Inability to contain a deepwater oil spill prompted drilling ban, administration official says

By Mary Pat Flaherty
Washington Post Staff Writer
Tuesday, July 13, 2010; 6:57 PM

NEW ORLEANS -- Oil companies drilling in the deep-water coastal waters do not know how to contain a spill like the one that has spewed oil into the Gulf of Mexico -- a chief reason the Obama administration is extending a ban on offshore drilling, said Michael Bromwich, director of the Bureau of Ocean Energy Management, Regulation and Enforcement.

"They don't have a fix on what the most effective containment strategies are," Bromwich testified Tuesday before the presidential commission investigating the cause of the April 20 BP explosion and spill and the future of offshore drilling in the United States. The BP spill also has consumed response equipment and personnel from across the country, exposing vulnerabilities should deepwater drilling resume, he said.

Until improvements are in place, Bromwich said, the Department of the Interior does not intend to back away from a ban on deep-water drilling that has angered numerous companies and gulf residents because of its economic impact.

Bromwich, the new head of the agency formerly known as the Minerals Management Services, appeared a day after a ban on deep-water drilling was recast by the Department of the Interior. The "pause" in drilling, which could last until Nov. 30, is based not on an operation's drilling depth but on the type of rigs and equipment in place to prevent a blowout like the one preceding the Deepwater Horizon rig explosion, which killed 11. Bromwich's office oversees drilling licenses and inspections for the Interior Department, including for the 33 deepwater rigs now in place. The ban contains exemptions that will allow 12 rigs to continue in operation while 21 are idled, said Bromwich.

He will hold 12 hearings on deepwater drilling in communities in the Gulf, California and Alaska, before delivering a report by Oct. 31 to Interior Secretary Ken Salazar, Bromwich said. In announcing the ban's revival, Salazar said it could be lifted sooner than Nov. 30, but the timeline laid out by Bromwich suggests the department would take a full four months to make a decision.

Bromwich declined to be interviewed after his appearance at the commission.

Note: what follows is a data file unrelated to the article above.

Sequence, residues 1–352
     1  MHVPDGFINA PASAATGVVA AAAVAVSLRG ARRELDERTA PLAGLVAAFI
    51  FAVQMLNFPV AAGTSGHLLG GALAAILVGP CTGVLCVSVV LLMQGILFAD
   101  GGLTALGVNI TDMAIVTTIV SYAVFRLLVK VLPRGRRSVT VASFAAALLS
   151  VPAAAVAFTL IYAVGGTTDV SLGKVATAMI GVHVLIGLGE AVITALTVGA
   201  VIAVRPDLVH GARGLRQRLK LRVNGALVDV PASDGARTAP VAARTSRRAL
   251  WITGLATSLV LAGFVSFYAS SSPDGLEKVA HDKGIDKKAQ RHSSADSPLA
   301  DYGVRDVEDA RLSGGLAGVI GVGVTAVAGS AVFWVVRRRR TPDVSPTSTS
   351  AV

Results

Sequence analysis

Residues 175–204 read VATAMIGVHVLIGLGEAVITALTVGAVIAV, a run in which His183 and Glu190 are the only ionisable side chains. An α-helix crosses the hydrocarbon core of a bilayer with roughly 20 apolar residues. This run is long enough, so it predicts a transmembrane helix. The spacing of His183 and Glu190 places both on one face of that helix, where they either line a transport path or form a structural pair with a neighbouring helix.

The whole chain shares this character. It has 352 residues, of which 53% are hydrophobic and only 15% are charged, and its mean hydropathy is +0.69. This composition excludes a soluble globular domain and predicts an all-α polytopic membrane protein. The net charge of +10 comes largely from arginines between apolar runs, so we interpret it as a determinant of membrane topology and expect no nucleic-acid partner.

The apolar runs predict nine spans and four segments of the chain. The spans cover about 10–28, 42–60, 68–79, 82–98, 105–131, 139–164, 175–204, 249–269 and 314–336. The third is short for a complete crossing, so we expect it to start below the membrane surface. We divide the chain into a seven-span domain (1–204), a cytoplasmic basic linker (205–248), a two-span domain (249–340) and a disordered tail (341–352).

The financial impact of the drilling ban has drawn the anger of many industry, elected officials and gulf residents, including Louisiana Sen. Mary Landrieu (D), who on Monday told the commission to issue a quick recommendation to lift restrictions.

It is unlikely the commission could take a position soon, its co-chairmen said in a news conference. But after its first two days of hearings, they acknowledged that they share the urgency felt by Gulf residents and the oil industry about the impact of the ban.

The pleas to weigh economic harms have been compelling, said commission co-chairman William K. Reilly, who headed the Environmental Protection Agency during the 1989 Exxon Valdez spill in Alaska. "I have a different understanding of that than I did three or four days ago," he added.

The commission's role "is to build a fire" under the frontline investigators and Interior officials who can investigate the safety of deepwater rigs and their ability to contain a spill and to "look over their shoulder" in coming to their own opinion, said former Florida senator Bob Graham, the other co-chairman.

He and Reilly also said they would be asking what safety reviews of the existing rigs have been done since the BP explosion, with Graham questioning whether rigs could be brought back online individually if BOE inspectors were prepared to do rigorous inspections.

Bromwich said the existing deepwater sites would be inspection priorities, but that the other provisions driving the ban, including better response-planning industrywide, could take time to put in place.

"We have an honest disagreement" with the oil industry about the safety of their deepwater operations, Bromwich said. During a June 28 meeting with oil industry representatives, Bromwich said, the companies offered assurances. Yet, as Bromwich recounted the session, when he and Interior officials asked them if the industry had adequate plans to contain a large spill, "there was a pause and silence."

Bromwich, who took over the agency on June 15, faced pointed questions about the close relationships between members of his permitting and inspection staffs and the oil industry, including the Louisiana office where staff accepted gifts of sports tickets and other items from companies they were regulating, which was described in recent inspector general reports.

"I have read some of the same things you have about problems with my agency and very cozy relationship with industry," Bromwich told the commission. "We need to be arm's-length and aggressive enforcers.

"We are not going to politely ask the industry to fix things," he said. "We are going to demand they fix things and sanction industry almost immediately" for lapses, rather than asking for compliance as had previously been done, Bromwich said.

Discussion about the moratorium has overtaken much of the testimony before the commission in two days of hearings in New Orleans. The commission is working against a six-month deadline to report to President Obama on the cause of the BP explosion and ways to prevent a similar disaster and improve spill responses.

Bromwich said that his agency had been too casual in improving response plans and that the oil companies had been too casual in complying.

Bromwich also disputed that shallow-water drilling permits have been halted and are being denied or delayed, as several oil industry and rig providers told the commission Monday.

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